Make no mistake, though: you need to read the very extensive programme notes, so from that point of view, this piece is hard work; and at any given time there is so much going on on stage that sensory overload sets the tone.
MK Ultra takes its name from the real CIA LSD-fuelled mind-control experiments of the 1950s and 60s, which provide a starting point for its exploration of the rise of widespread conspiracy theories, currently believed by millions of people and spreading like wildfire on the internet. In one of its most bizarre variations, a conspiracy theory has it that the CIA teamed up with Walt Disney to programme actors and singers, so they could spread occult messages to the wider population.
Adam Curtis, whose documentaries (The Century of the Self, The Power of Nightmares) focus on power and how it works in society, contributes an episodic film voiced by himself, which blends cabalistic images with footage drawn from pop culture, including Disney cartoons and pop stars such as Britney Spears and Justin Bieber.
Curtis’ film is projected onto a large triangular screen at the back of the stage – triangles are an important part of esoteric symbology, as is the disquieting all-seeing eye which appears on the screen at regular intervals.
Kay references the importance of certain numbers in occult lore by placing her dancers in groups of seven or three.
Kay’s high octane choreography turns dance into ritual, the dancers of her Rosie Kay Company alternating between contemporary pop – much of it straight out of pop videos – and imagery that references one of the most widespread conspiracy theories: that the world is really controlled by a centuries-old occult order, The Illuminati (familiar to fans of Dan Brown's novels).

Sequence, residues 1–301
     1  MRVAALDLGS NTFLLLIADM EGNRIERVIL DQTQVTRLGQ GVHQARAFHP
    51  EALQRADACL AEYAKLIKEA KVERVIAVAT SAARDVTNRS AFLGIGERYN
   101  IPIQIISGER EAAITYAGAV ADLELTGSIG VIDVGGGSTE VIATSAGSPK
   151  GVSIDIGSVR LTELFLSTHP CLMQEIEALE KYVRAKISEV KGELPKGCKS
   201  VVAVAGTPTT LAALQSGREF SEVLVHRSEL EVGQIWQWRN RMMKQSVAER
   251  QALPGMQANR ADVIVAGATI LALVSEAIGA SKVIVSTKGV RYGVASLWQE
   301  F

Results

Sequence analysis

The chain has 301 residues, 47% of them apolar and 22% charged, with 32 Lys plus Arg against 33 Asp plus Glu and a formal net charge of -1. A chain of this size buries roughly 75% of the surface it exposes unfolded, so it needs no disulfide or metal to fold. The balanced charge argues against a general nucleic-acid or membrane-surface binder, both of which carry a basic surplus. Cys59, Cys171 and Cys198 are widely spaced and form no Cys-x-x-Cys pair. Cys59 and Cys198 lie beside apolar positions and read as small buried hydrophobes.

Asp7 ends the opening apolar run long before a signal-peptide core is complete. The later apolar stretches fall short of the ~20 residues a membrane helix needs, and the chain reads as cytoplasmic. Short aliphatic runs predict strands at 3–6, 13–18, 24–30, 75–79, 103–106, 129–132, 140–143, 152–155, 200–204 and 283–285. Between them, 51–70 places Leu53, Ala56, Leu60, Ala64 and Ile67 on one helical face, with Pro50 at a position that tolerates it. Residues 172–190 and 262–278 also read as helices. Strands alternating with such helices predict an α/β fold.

All this to a pulsating electronic score by Annie Mahtani, who provided the score for Rosie Kay’s critically acclaimed 2016 work 5 Soldiers, with arresting triangular projections by Louis Price and costumes by Lady Gaga designer Gary Card.
Card’s costumes are a performance in themselves. Unisex unitards in bright colours, they are covered in detailed and intricate symbols, including triangles, chains, the omniscient eye, pyramids and carefully placed hands.
Rosie Kay’s MK Ultra is heavy on concept and visual stimuli and it’s not clear that without the extensive programme notes her intentions would communicate themselves coherently to the audience. Still, as a visual spectacle MK Ultra is at times rather dazzling – and Kay’s seven dancers are a pleasure to watch.
|What||Rosie Kay Dance Company, MK Ultra Review|
|Where||Queen Elizabeth Hall, South Bank Centre, Belvedere Road, SE1 8XX | MAP|
|Nearest tube||Waterloo (underground)|
On 08 Nov 18, 19:30 Dur.: 2 hours approx
|Price||£20 (concessions available)|
|Website||Click here to book via the Southbank website|